Of Sheep and Sadness


I posted last year about an extended visit to Mt. Saviour Monastery—but there’s one story I left out of that narrative. The monastery is also a functioning sheep farm and so I spent a lot of my days wandering around and looking at the sheep. It was shortly after lambing season and so there were plenty of adorable, adolescent-y looking sheep milling about. One, however, had gotten separated from his mother and was bleating, miserably, over and over and over again. And suddenly I thought, “That sheep is me,” and nearly burst into tears. These moments weren’t atypical for me—moments of deep, devouring sadness that seemed tied to old wounds that were still gaping—but I did then what I’ve been doing for several years running: I put it away. Part of this was out of fear, since I didn’t know whether going into that kind of sadness would ever allow me to come out the other side of it, and part of it was practical, since I knew that with this type of thing “it’s going to get worse before it gets better” and I had a degree to complete.


Flash forward to last weekend, when I visited the monastery again as part of a Lenten retreat program. I was sitting in the chapel during noonday prayers and I was thinking to myself how much more engaged I’d been with the service the last time I was there. And then I thought about how much more I’d been engaged with my dissertation work a month or so earlier versus how engaged I am with it now. And then I tried to think of anything that could happen that I’d really care about: nope, zilch. And then I thought about how tired I’d been lately, how much mundane daily tasks felt Herculean, and how—if I turned off the TV and my smartphone and just sat—I felt like I was floating on top of a profound loneliness. And so I realized what should have been blindingly obvious (at least to someone like myself, the child of a therapist and the taker of innumerable psychological diagnostic tests): I was depressed. Not can’t get out of bed depressed. Not making suicide plans depressed. But depressed enough that daily life had turned into a struggle and my own body seemed exhausted by the strain. Unsurprisingly, this is what happens when you file away nasty feelings until a “better time” to work through them. Eventually, they’ll assert their rights. 


The inconvenience of having to finally slog through them now is certainly still there, but the fear seems to have gone away. At least, it went away enough that I was able to sit down and write a contract with myself (yes, it’s silly, but it was the only way I’d ever follow up) that I’d call the health center, get a referral, and then actually make an appointment with a local therapist. All of which I’ve done, with the first appointment scheduled for next week. As suspected, owning up to all of this has started to impair the functionality I’d bought at the price of a lot of emotional repression. I’ve yet to burst out in tears during a tutoring session or coffee with a committee member, but it certainly wouldn’t surprise me if it ends up happening. The dissertation is attended to when I feel able, but it’s not going to be lightning-fast progress (especially if last night’s 13-hour sleep is any indication!) but it will be there when I get back. And, as one friend of mine who’s faced her own bouts with depression helpfully told me: “It’s just a dissertation.” And what I ultimately had to admit to myself at the monastery was that I couldn’t take care of other people or of other commitments until I finally stepped back and took care of myself. Until, like the bleating lamb, I could finally give a voice to my distress.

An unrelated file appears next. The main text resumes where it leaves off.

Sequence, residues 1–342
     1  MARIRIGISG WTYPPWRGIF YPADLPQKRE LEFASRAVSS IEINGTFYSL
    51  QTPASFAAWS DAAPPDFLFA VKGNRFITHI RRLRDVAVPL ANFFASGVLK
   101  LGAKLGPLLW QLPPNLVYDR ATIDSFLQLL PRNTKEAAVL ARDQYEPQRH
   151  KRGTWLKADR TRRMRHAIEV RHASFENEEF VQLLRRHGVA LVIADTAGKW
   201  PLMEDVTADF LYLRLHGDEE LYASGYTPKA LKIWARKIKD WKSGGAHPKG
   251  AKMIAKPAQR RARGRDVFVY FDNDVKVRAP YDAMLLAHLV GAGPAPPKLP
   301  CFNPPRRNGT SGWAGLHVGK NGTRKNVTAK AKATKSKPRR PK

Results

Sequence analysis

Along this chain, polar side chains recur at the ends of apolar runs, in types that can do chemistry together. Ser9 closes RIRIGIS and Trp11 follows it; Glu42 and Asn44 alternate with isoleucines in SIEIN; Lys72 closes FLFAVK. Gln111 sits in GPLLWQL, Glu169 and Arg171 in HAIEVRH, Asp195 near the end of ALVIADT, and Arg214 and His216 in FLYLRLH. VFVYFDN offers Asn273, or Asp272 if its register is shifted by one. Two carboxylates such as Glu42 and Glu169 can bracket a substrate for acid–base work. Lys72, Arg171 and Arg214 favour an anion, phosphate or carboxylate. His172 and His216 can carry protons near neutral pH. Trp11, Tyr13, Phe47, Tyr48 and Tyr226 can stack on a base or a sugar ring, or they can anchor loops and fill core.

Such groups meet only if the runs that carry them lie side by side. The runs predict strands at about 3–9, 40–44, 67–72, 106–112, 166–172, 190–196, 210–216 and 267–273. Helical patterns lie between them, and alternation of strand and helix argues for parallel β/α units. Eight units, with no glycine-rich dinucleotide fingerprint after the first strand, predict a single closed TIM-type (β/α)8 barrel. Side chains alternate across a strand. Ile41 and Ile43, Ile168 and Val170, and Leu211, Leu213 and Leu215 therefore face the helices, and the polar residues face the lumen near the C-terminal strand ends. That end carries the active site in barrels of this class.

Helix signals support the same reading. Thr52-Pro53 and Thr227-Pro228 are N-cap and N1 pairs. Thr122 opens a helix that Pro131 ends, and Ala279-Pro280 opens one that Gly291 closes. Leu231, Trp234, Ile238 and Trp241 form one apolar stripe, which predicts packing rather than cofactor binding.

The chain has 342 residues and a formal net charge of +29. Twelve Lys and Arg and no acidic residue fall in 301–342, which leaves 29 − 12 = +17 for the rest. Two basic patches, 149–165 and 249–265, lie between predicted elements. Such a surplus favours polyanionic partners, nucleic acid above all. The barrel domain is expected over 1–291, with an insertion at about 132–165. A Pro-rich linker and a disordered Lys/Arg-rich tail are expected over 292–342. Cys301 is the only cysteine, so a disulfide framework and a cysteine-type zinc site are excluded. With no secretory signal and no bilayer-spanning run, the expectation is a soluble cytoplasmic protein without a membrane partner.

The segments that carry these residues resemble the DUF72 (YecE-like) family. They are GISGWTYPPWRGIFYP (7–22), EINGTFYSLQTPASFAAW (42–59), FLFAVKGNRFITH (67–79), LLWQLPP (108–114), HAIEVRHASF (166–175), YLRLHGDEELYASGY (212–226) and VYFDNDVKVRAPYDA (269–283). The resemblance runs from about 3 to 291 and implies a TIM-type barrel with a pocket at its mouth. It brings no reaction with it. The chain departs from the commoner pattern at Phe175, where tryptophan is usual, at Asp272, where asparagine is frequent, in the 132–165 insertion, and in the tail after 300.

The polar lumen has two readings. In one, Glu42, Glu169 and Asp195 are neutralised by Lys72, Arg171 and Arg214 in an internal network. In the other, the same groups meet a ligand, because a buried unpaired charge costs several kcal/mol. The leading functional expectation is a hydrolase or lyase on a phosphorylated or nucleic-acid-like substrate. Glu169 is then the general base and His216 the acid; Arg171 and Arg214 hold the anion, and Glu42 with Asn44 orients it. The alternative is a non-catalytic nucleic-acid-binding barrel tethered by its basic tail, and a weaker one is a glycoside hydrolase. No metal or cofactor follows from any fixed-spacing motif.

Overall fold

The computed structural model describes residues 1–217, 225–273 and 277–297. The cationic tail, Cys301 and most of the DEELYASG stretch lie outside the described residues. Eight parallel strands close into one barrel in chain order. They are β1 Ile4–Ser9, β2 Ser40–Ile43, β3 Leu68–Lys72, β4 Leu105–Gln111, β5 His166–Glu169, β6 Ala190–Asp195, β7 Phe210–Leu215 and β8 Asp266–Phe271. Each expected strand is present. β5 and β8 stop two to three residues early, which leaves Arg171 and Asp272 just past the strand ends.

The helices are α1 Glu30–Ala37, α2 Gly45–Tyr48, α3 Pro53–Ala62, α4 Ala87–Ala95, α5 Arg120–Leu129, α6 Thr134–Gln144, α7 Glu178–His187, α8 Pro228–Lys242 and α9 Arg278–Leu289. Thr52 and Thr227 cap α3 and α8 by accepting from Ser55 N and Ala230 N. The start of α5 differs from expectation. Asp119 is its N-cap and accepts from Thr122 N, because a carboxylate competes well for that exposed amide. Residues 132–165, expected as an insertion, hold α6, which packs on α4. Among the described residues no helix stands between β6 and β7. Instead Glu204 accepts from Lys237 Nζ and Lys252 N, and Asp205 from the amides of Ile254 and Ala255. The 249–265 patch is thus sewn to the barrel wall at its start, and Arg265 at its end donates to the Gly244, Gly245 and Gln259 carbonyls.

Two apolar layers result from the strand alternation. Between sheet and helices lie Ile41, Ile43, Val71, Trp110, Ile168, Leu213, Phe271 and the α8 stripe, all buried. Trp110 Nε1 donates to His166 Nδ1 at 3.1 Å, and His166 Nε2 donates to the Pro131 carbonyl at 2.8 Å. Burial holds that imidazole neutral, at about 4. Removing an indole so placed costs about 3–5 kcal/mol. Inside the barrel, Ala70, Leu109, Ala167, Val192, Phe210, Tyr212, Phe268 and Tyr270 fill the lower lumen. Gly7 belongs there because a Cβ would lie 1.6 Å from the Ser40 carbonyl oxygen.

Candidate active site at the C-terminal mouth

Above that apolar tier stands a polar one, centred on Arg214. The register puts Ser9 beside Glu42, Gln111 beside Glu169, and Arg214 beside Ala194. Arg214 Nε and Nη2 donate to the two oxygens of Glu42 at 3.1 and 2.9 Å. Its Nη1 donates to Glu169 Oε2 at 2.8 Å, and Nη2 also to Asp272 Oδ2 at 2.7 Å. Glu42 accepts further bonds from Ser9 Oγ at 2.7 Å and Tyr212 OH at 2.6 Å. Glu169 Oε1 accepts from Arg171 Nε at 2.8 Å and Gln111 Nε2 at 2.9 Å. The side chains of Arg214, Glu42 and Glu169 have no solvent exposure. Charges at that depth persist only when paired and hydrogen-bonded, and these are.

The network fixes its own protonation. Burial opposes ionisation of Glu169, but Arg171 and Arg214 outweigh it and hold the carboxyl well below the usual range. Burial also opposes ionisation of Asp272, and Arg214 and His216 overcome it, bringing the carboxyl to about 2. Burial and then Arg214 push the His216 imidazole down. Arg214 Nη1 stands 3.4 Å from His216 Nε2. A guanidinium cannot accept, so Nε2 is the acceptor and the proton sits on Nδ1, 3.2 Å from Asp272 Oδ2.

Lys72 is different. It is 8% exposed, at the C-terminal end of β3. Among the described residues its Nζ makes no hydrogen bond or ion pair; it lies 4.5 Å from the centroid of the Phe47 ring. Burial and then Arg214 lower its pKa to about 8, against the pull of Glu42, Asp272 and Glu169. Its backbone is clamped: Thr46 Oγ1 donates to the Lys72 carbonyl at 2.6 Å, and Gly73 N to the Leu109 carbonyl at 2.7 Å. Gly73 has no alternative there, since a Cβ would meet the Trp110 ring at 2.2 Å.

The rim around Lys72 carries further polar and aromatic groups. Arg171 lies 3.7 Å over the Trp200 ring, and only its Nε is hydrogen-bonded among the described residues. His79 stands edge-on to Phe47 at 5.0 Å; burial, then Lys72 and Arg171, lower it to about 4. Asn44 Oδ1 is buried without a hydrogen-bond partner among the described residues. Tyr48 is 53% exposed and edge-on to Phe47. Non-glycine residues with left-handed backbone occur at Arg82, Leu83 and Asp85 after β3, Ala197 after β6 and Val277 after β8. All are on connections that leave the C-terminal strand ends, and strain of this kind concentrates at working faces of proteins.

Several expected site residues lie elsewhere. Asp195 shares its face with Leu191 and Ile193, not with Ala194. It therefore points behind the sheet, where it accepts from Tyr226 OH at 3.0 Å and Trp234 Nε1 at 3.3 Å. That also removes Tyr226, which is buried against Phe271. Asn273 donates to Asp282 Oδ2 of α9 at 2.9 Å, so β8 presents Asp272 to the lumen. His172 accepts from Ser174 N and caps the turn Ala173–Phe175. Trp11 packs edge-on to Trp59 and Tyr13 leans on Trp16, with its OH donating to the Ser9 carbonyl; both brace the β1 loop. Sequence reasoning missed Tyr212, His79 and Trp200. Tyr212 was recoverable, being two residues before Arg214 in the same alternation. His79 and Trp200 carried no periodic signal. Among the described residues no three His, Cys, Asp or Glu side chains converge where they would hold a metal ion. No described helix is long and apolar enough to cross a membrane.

Broken Wholeness

The Incredulity of Thomas—Caravaggio

Before my conversion to Catholicism (and before a rather lengthy agnostic walkabout), I was born and raised an Evangelical Protestant. There’s a lot of good things to be said for Evangelicalism: it’s pragmatic, it strives to speak to the world in a language it will understand, and it proclaims a message of hope. However, those very strengths were precisely what made it seem untenable to me from my early adolescence onward: the pragmatic eagerness to “fix things” felt like a refusal to treat my struggles as anything but a problem to be fixed, its desire for relevance felt like a refusal to engage with the deeper, messier questions that no one in the mainstream culture nor in the church seemed willing to ask, and its hope felt more like a coercive demand (you will feel loved by God!) than like an authentic possibility to be considered. [I should also note upfront that my experiences of Evangelicalism shouldn’t stand in for the whole movement. This is my story, but it should not take the place of the stories of others.]

Once I left for college, I basically left Christianity behind me. I’d always insistently asked the hard, uncomfortable questions—the questions that weren’t “allowed.” I’d always been accused of being both too depressed and too depressing. So I went to what felt like a safe place for that kind of dark and rigorous inquiry: literature and philosophy. If you couldn’t think about death, about suffering, about the experience of meaninglessness, in either pop culture or in the mega-church, you could talk about it— you had to talk about it—when you were talking about Shakespeare or Sartre, about Kafka or Kierkegaard. I still love literature and philosophy to this day because both have the remarkable ability to cut through the comfortable numbness of our days and make us look, however briefly, at the wounds—individual and social, personal and existential—that we’ve kept bandaged and out of mind.

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